Short Introduction: Energy and Precision frontiers.
This site is dedicated to the physics of colliding electrons, positrons or gammas at high energy in the hope to bring a comprehensive view of what can be discovered and/or improved in our current understanding of matter and of the Universe.
What is the next step? Following the great progress made at the proton-(anti-)proton colliders (Tevatron and LHC) targeting the “Energy Frontier”, one widely supported option is the short term construction of a large linear or circular electron-positron colliders to tackle the “Precision Frontier”. This is what will be discussed here.
High energy physics proceeds through two complementary tracks: colliding proton against proton (or proton-anti-protons) and colliding e+e-. In the proton case, very high colliding energies are achieved. This is called the “Energy Frontier”. In the second case, due to the more elementary and therefore simpler nature of the electron, e+e- colliders are said to target the “Precision Frontier”.
The proton being a complex system of quarks and gluons (the partons) the actual initial state of the elementary collision is not well defined. Was it a quark colliding another quark? or a gluon, a quark? or a gluon, a gluon? In addition, quarks have different natures or flavors like “up” or “down”. Other favors although not defining the proton like the strange, bottom or top quarks, due to specific quantum effects may be the actual initial colliding elements.
The initial center-of-mass energy is not fixed either. How much momentum of the initial proton is carried by the colliding parton? The detailed study of each event may provide some of this information, but only when the final state of the collision is fully known.
The analysis of the final state is also complicated by the fact that, aside of the 2 main colliding partons, other components of the same initial protons may have also interacted (creating the so-called underlying events). Moreover in the same bunch of colliding protons, several proton collisions may have been recorded by the detectors (pile-up). The final “picture” is therefore kind of “noisy”.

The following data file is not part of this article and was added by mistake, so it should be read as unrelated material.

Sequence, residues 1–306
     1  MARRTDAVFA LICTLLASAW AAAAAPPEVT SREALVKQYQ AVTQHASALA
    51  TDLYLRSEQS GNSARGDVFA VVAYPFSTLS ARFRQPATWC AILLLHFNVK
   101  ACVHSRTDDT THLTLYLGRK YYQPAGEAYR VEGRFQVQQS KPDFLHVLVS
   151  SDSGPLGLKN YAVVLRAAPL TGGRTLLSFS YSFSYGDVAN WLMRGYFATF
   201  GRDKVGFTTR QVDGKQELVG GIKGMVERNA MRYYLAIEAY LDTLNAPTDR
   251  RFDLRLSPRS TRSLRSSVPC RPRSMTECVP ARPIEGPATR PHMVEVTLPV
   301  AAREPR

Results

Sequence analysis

The Higgs discovery
However, the varying center-of-mass energy can be beneficial and, associated with the highest energy availability, allow proton colliders to cover, at once, a large range of possible new particle masses. This is the way to go when attempting to discover new particles whose masses are not predicted. The pp colliders are, therefore, also called “discovery” machines. This is how, a couple of years ago, the Higgs boson was discovered at a mass of ~ 125 GeV at the CERN proton-proton collider LHC.
New particle Searches
The LHC is making a beautiful work searching for new particles of a different type, called Supersymmetric or, to friends, Susy particles. Supersymmetry is a proposed theory that “symmetrizes” the components of the Standard Model (fig.1). Each spin 1 (boson) gets a spin 1/2 (fermion) superpartner and, similarly, each spin1/2, a spin1 superpartner leading to a gauge coupling<-a> uoinication. It has been shown that supersymmetric models would make possible the unification of three of the 4 known forces of nature: the electro-magnetic, the weak and the strong forces. Gravitation, the forth “force” (in the Newtonian sense) would need an even more unifying theory Ttheory of Everything or ToE) whose most elaborated and advertised example is the superstring or M theory.
The first LHC measurements did not yet show any signal for such particles, putting therefore stringent lower limits on their mass. LHC is greatly reducing the possible parameter range of these thought particles. The most straightforward version of Susy has now difficulty to stand as being the necessary step toward a unifying theory. However, due the nature of the pp collision as described previously some of these particles may have gone undetected and “cleaner” machines are still needed to either fully reject or to confirm the “attractive” Susy. Higher mass ranges that could be reached by higher energy colliders has also to be investigated to probe Susy in its more elaborated versions or to unveil other unifying theories, but as for today, there is no clue to select the collider energy that should be targeted.
Lepton colliders for precision physics